Pub. date: 2008 | Online Pub. Date: June 25, 2008 | DOI: 10.4135/9781412963978 | Print ISBN: 9781412909280 | Online ISBN: 9781412963978| Publisher:SAGE Publications, Inc.About this encyclopedia
Sexual Violence and Coercion
Libbe A. Gray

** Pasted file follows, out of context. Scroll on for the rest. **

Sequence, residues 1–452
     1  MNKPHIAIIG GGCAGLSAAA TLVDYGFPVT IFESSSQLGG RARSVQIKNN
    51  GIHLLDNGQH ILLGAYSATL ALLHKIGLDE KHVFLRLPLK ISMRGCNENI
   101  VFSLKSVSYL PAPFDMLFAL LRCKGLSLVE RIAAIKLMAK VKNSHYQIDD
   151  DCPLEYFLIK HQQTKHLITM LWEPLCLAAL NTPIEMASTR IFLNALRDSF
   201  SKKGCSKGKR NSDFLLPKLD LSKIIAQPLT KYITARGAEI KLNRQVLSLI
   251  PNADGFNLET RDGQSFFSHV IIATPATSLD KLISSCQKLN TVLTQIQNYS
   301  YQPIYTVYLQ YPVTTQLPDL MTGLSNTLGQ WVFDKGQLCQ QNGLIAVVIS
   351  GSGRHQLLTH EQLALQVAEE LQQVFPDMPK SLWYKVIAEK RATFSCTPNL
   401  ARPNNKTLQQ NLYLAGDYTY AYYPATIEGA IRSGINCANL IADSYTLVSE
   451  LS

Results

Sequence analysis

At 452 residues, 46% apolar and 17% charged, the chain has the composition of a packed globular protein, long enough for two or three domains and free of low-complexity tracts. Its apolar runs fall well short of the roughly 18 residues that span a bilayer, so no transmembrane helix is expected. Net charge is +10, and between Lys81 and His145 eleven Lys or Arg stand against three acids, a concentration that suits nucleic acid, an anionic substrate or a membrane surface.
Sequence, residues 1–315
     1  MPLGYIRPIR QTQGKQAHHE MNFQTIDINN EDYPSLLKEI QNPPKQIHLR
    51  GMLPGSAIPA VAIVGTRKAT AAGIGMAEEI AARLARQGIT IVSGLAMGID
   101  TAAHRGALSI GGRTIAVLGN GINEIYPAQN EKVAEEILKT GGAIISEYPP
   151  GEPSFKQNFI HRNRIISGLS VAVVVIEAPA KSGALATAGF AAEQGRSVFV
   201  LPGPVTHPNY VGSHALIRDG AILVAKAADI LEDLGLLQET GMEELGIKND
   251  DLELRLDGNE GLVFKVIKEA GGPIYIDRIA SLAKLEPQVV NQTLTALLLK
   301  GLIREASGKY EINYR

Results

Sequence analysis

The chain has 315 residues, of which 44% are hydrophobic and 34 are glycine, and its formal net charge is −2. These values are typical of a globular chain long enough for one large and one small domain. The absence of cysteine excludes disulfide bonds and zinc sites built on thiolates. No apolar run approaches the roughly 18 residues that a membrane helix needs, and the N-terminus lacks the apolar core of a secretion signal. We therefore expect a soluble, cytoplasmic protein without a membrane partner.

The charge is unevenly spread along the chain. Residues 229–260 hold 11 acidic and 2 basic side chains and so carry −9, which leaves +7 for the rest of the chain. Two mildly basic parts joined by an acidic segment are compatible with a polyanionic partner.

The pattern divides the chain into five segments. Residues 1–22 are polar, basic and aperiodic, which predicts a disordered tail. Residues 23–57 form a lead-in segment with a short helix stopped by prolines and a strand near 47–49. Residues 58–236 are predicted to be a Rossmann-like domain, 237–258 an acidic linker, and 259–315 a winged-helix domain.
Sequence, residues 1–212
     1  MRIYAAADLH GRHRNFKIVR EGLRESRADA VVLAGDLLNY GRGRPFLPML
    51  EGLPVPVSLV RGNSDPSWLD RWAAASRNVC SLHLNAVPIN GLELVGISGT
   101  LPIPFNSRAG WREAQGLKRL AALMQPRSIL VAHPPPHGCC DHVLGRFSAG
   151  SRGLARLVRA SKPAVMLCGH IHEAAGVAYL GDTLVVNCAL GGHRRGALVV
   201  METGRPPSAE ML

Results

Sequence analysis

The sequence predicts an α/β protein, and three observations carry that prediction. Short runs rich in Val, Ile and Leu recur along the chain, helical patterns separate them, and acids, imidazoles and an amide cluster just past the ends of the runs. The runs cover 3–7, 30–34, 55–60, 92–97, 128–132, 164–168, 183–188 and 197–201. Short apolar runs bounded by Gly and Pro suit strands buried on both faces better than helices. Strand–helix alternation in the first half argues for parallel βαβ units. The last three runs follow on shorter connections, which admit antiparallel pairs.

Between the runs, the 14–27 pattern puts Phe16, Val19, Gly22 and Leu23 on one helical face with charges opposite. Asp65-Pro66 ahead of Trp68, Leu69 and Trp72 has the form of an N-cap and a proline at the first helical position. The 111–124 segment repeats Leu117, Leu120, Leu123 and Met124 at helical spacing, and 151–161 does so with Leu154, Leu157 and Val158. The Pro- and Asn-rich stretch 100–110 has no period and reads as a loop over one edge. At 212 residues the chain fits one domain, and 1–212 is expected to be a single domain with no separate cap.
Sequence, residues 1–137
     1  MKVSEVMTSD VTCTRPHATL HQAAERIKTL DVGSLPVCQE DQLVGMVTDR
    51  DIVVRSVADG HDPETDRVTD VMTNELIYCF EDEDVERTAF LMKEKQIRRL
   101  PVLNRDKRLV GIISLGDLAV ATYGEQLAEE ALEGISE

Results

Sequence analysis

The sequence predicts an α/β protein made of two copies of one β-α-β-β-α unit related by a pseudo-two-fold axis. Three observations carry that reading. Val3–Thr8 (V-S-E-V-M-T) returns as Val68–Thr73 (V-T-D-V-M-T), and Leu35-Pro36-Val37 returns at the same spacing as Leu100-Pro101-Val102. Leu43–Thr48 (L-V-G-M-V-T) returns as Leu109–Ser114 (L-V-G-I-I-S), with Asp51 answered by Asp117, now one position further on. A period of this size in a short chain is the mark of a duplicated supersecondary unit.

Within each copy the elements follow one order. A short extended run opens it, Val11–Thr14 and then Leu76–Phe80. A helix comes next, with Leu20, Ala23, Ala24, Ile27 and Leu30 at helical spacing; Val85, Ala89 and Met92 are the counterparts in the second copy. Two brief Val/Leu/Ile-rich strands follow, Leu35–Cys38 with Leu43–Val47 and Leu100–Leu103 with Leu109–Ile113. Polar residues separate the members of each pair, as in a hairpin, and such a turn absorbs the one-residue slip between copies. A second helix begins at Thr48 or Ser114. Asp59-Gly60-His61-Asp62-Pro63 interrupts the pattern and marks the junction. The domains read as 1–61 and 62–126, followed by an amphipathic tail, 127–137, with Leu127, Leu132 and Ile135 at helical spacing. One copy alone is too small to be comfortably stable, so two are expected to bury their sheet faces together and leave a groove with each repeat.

The Centers for Disease Control and Prevention (CDC) have developed uniform, nonlegal definitions for sexual violence and related terms in an effort to standardize the reporting and study of these crimes. Inclusionary criteria are broad and divide these crimes into five categories, which include (1) completed nonconsensual sex acts, including penetration, to any degree, of a genital opening or anus, and sodomy, (2) attempted nonconsensual sex acts, (3) abusive sexual contact, including any intentional touching that could be construed as sexual, (4) noncontact sexual abuse, including such acts as voyeurism, harassment, and pornography, and (5) sexual violence, unspecified type. Contact is considered nonconsensual if the victim says no at any time; participates because of pressure, coercion, or intimidation; or is unable to consent because of age, intoxication, illness, being asleep, or any other disabling condition. Under a grant funded through the CDC and the National Institute of Justice, the National ...